The job was largely an honorary position, but the new chaplain - the son of an Arlington firefighter - treated it seriously, a friend and fellow priest recalls.
"He would spend a lot of time in that firehouse," said Rev. Thomas Maguire '71, pastor of St. Helen Church in Norwell. "When the Blizzard of '78 hit Scituate, he was out on the streets with the firefighters and police officers. He even helped get people out of the houses that were flooded."
Today, Bishop Richard Lennon '69 is responding to a far different call for help, but one no less urgent. On Dec. 13, Pope John Paul II appointed Bishop Lennon as apostolic administrator of the Archdiocese of Boston, succeeding Cardinal Bernard Law. Bishop Lennon will govern the diocese on an interim basis, with all the rights, duties and responsibilities of a diocesan bishop, until a permanent successor is appointed.
For Bishop Lennon, his new position means he has the duty of rebuilding public faith in the Catholic Church even as he deals with the social, legal and economic ramifications of the sexual-abuse scandal that has shaken the archdiocese.
Administrators of the university Bishop Lennon once attended say the archdiocese's new leader should consider his alma mater an ally in this task. As Boston's largest Catholic university, and a major fixture of the archdiocese, Boston College seeks to provide resources and a forum for discussion to help the Catholic community transform the crisis into an opportunity for renewal, say University administrators.
BC administrators cite the University's "Church in the 21st Century," a two-year project aimed at helping the Catholic Church in exploring the issues emerging from the clerical sexual abuse crisis.
"I have spoken to Bishop Lennon and have offered him my congratulations on his appointment and my full support in his new role," said University President William Leahy, SJ. "I think the Catholic community regards him as a pastoral leader and wants to work with him in the coming months to help bring healing and renewed trust to our Church."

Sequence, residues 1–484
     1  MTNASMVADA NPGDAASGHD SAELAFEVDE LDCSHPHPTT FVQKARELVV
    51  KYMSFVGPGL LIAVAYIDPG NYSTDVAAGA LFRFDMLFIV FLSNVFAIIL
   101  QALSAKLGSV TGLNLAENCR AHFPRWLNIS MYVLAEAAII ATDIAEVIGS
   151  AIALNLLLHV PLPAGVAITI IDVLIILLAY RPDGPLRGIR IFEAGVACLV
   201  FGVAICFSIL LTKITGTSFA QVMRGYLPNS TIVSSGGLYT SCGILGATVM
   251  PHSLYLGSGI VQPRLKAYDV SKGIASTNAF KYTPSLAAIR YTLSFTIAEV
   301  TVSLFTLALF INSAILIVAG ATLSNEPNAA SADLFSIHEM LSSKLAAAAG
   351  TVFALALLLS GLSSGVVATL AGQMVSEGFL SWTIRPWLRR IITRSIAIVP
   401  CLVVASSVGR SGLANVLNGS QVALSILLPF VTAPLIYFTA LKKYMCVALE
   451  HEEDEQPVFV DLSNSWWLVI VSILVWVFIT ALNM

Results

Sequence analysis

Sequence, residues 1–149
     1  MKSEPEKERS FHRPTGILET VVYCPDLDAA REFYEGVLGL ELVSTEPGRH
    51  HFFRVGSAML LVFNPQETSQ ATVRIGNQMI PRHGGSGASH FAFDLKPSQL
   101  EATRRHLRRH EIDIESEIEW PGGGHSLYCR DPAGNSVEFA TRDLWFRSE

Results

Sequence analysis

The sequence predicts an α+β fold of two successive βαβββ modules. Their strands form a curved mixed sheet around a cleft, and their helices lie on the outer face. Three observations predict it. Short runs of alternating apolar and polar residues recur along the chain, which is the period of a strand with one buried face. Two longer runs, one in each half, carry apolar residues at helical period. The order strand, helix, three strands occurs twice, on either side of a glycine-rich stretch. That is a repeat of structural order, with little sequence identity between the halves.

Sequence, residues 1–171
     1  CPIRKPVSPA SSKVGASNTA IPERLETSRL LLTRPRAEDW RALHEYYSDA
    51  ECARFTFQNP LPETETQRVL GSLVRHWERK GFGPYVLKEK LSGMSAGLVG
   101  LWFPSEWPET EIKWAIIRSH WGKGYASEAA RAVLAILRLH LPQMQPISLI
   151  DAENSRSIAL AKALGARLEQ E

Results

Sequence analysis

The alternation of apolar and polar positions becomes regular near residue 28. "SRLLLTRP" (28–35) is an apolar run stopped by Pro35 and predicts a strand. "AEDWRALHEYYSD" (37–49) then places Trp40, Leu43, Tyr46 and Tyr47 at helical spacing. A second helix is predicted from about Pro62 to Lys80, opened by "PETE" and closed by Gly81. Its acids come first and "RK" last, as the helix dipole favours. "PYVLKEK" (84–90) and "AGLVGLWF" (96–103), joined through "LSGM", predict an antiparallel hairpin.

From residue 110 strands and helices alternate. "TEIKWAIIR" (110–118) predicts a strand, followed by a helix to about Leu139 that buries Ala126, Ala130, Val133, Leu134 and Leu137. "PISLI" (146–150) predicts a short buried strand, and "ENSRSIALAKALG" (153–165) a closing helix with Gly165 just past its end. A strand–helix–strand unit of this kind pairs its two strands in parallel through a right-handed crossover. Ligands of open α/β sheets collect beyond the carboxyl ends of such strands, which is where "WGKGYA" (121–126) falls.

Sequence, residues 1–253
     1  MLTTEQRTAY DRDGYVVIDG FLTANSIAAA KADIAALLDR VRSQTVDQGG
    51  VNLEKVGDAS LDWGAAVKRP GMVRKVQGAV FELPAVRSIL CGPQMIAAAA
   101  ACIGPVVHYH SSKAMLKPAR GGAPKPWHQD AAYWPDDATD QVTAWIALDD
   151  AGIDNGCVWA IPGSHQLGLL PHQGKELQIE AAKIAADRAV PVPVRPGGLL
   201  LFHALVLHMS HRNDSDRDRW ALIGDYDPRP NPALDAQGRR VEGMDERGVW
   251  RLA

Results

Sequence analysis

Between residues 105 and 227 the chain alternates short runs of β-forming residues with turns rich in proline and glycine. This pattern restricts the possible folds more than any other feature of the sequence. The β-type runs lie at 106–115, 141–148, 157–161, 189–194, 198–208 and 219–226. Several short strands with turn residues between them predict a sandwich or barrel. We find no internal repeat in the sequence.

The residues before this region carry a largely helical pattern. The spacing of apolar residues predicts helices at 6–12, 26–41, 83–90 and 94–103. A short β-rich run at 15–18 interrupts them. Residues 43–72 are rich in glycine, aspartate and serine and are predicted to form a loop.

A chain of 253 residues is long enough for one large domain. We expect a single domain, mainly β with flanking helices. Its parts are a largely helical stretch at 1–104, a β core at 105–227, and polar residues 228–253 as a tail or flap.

Those who, like Bishop Lennon, can point to BC as a source of intellectual and spiritual formation praise the Arlington native's work, administrative and pastoral alike.
"[Bishop Lennon] has always done an admirable job in whatever he was asked to do," said Fr. Maguire, who still occasionally attends Boston College hockey games with Bishop Lennon. "Whether it was his parish work, when he was chosen to work in the chancery, as seminary rector or as an auxiliary bishop. After being a parish priest, some of those assignments came as surprises, but each of these cases has proven to be an outstanding success.
"Clearly his fondness is for parish work. My guess is that he would give up being a bishop - even in the very best of times - to go back and be a parish priest," said Fr. Maguire.
A graduate of Matignon High School, Bishop Lennon attended Boston College for two years before leaving for St. John's Seminary. Students who have left Boston College as undergraduates to enter the seminary are traditionally considered alumni.
Another fellow BC alumni priest, Rev. Robert M. O'Grady M.Ed.'81, recalls how Bishop Lennon first put his pastoral skills to work during his assignment to St. Mary of the Nativity Parish. Having barely arrived at the parish, said Fr. O'Grady, Bishop Lennon found himself pressed into service when the pastor, Rev. Joseph Deacon, fell ill and was unable to attend to his duties.
Even as he looked after Fr. Deacon with careful attention, Bishop Lennon took charge of the parish as though he were a veteran priest, said Fr. O'Grady, providing leadership and guidance where needed and maintaining his concern for the individual needs of his parishioners.
"What Richard did was pretty remarkable," said Fr. O'Grady. "His stamina in the midst of a brother priest's illness and the daily demands of the parish was exemplary. His name is held in reverence in Scituate to this day."
Said Fr. Maguire of his former fellow seminarian, "[In his role as administrator] he'll do what he believes has to be done to put the spiritual and psychological house of the archdiocese back in order, and will likely allow the new archbishop to pick up the spiritual work of the archdiocese when he is appointed."
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